BACKGROUND: Extended access services were introduced to help stop declining patient satisfaction with access to general practice. There has been no evaluation, at a practice population level, as to how the introduction of these services has impacted patients.
AIM: To explore the association between practices offering extended access and patient responses to the GP Patient Survey (GPPS).
DESIGN & SETTING: An observational study was carried out. Patient experience data were taken from the national GPPS in England (2018 and 2019). Data on the provision of extended access services were sourced from NHS England. The analyses considered potential confounding factors. These were sourced from publicly available data about practice characteristics from NHS Digital, NHS England, and government websites.
METHOD: The percentage of patients reporting positive responses to questions related to satisfaction with access, continuity of care, and overall satisfaction were modelled. The association between these outcomes and the provision of extended access were estimated via multivariable fixed-effects linear regression.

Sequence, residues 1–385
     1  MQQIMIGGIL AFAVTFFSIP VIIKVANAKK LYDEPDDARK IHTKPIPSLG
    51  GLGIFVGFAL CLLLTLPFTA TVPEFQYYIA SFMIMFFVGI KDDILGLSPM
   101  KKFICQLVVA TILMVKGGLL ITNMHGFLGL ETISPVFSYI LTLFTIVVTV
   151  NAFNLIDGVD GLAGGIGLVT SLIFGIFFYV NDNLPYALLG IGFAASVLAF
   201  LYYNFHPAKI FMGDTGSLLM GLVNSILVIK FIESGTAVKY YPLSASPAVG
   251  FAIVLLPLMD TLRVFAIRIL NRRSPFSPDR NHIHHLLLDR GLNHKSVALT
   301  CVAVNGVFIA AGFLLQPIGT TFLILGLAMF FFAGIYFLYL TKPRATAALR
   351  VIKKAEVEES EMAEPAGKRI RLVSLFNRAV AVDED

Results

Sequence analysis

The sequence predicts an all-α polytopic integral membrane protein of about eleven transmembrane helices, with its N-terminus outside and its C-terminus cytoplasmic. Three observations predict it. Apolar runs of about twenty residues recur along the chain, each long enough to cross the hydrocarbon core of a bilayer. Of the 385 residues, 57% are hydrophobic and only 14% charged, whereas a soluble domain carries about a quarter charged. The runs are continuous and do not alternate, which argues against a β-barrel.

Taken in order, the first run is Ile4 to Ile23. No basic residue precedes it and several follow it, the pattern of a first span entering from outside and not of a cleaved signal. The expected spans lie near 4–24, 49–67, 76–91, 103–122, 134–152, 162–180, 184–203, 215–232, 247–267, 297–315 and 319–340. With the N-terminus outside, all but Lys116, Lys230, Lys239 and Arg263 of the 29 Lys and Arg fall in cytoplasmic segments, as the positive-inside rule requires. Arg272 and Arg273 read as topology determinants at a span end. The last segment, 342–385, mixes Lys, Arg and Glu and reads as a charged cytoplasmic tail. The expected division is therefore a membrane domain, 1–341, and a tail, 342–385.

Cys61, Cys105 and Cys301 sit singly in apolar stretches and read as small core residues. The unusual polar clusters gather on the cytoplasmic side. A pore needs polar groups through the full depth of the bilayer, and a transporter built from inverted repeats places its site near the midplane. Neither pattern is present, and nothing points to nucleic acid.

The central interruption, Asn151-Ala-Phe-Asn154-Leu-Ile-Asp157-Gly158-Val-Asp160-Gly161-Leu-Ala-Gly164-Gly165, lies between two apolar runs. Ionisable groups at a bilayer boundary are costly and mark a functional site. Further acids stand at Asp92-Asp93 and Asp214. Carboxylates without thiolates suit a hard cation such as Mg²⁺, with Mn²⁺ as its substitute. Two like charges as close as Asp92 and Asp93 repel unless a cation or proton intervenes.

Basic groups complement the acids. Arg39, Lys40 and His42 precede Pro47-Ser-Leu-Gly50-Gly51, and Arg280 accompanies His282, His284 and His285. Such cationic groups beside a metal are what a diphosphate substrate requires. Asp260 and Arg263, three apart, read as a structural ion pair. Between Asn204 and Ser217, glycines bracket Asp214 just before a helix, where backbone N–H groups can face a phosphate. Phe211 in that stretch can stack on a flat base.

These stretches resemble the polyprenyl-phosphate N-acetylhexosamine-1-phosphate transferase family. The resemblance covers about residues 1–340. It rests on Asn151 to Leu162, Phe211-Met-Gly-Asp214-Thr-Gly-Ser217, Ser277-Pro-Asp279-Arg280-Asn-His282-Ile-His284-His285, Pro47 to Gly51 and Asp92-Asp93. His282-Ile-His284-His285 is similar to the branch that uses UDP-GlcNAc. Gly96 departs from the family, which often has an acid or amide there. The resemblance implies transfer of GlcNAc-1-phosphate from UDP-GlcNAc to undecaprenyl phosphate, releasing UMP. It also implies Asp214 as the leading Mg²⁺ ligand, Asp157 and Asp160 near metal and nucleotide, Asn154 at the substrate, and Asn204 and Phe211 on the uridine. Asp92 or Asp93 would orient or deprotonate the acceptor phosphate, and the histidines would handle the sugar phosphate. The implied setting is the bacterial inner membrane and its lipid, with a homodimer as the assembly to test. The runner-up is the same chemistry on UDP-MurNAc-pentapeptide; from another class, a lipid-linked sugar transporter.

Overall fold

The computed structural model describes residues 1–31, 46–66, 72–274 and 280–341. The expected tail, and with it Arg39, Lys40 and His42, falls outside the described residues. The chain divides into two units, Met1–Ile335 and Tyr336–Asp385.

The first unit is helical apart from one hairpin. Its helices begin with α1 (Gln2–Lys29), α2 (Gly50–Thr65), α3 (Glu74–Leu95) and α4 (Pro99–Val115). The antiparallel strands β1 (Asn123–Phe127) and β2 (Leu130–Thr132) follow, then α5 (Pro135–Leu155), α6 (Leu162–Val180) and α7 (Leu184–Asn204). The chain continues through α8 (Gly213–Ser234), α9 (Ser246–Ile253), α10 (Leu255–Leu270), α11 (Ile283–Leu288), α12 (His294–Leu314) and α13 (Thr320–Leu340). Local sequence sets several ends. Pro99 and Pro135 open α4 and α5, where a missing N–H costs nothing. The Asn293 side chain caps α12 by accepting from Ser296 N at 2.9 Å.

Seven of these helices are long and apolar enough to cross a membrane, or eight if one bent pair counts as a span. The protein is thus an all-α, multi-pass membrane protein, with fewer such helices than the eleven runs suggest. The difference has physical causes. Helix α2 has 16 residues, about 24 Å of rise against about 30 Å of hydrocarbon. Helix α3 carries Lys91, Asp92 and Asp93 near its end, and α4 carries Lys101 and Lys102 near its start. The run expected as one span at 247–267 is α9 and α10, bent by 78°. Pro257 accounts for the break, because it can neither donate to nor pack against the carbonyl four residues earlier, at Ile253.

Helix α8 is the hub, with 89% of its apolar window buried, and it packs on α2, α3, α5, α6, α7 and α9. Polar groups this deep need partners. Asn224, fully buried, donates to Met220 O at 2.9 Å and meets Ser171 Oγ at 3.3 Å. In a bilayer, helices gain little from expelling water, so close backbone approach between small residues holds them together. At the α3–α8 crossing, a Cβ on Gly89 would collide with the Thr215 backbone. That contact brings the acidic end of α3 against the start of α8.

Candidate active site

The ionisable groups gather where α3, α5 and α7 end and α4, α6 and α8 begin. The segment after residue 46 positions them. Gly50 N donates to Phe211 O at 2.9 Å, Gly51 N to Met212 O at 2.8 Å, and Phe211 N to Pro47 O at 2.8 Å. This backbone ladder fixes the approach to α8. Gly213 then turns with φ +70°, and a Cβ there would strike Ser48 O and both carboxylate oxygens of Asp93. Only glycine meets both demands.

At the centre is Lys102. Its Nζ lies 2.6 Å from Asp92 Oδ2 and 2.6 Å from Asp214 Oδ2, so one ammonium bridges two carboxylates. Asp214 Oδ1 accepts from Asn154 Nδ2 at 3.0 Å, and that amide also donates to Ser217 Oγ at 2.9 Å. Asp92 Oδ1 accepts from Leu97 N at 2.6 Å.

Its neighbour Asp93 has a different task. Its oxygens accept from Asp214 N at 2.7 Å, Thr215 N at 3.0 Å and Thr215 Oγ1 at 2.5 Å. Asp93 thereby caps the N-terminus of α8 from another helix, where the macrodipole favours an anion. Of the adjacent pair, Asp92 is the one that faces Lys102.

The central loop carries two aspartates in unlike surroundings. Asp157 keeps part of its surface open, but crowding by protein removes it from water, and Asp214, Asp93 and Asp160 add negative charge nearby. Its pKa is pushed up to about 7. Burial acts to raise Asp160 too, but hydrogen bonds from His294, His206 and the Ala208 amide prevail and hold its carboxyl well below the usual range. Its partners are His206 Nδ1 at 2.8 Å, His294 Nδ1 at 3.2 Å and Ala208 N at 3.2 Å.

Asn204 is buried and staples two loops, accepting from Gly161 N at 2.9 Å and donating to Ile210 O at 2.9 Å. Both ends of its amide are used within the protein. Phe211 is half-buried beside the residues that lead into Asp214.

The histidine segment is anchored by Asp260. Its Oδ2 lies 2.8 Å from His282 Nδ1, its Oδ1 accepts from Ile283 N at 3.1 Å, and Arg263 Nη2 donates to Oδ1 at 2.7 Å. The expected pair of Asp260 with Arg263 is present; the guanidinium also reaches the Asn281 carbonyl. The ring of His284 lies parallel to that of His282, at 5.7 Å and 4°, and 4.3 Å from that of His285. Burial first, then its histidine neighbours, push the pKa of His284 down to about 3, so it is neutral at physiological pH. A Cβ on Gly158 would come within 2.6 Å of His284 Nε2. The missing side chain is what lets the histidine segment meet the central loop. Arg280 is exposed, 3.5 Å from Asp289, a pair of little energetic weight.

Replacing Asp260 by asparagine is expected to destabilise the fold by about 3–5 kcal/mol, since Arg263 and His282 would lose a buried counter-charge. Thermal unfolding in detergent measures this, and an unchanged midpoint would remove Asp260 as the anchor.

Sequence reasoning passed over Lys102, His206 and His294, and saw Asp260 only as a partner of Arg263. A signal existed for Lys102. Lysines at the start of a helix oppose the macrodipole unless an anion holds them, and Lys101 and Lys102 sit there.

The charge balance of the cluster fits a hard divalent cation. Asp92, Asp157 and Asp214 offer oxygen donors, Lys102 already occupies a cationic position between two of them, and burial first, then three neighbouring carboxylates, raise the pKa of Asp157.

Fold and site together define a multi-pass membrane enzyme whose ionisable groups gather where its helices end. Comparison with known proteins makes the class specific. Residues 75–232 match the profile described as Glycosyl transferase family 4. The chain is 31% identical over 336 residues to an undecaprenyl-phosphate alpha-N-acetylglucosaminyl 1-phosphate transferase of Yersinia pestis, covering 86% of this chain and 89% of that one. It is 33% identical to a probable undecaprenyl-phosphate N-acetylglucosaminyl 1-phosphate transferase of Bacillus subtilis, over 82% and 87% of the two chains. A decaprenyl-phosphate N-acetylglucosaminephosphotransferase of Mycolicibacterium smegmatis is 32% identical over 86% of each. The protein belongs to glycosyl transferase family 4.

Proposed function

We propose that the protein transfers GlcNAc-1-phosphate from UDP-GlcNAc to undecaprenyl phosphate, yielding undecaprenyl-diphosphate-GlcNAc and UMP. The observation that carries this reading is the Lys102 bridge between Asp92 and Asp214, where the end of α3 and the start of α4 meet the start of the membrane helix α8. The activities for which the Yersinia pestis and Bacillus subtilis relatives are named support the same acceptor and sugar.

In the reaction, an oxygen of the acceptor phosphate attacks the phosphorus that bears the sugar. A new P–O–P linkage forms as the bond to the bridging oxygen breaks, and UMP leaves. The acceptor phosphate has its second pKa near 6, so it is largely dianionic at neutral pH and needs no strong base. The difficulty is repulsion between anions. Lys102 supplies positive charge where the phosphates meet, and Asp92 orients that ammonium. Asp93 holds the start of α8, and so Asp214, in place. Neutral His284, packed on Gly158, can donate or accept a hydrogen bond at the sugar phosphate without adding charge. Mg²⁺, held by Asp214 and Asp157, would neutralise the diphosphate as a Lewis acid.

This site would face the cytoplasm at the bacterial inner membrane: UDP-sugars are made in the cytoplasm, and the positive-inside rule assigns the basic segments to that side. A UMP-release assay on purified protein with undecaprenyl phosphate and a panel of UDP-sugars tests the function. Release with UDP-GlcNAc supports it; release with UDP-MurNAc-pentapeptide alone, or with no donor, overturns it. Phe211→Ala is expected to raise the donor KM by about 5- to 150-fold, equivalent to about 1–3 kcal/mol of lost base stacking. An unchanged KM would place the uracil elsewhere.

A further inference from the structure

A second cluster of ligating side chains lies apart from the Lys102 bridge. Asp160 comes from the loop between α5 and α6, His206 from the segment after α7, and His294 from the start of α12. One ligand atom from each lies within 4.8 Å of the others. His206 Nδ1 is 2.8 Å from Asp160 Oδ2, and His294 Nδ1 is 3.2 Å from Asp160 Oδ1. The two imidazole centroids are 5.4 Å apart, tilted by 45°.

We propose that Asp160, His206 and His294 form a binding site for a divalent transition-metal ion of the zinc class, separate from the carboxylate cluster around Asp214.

RESULTS: There were no associations between practices offering extended access services and key indicators of patient experience or satisfaction at a practice population level.
CONCLUSION: Extended access has a cost of an estimated 250 million GBP per year. While there is a body of work that finds associations with emergency department use reduction, at a practice population level, in this study it has been found that extended access had no measurable impact. This may be because extended access services are only used by a small number of patients, and its introduction has not significantly impacted general practices and most general practice patients.
|Publication status||Published - 22 Feb 2022|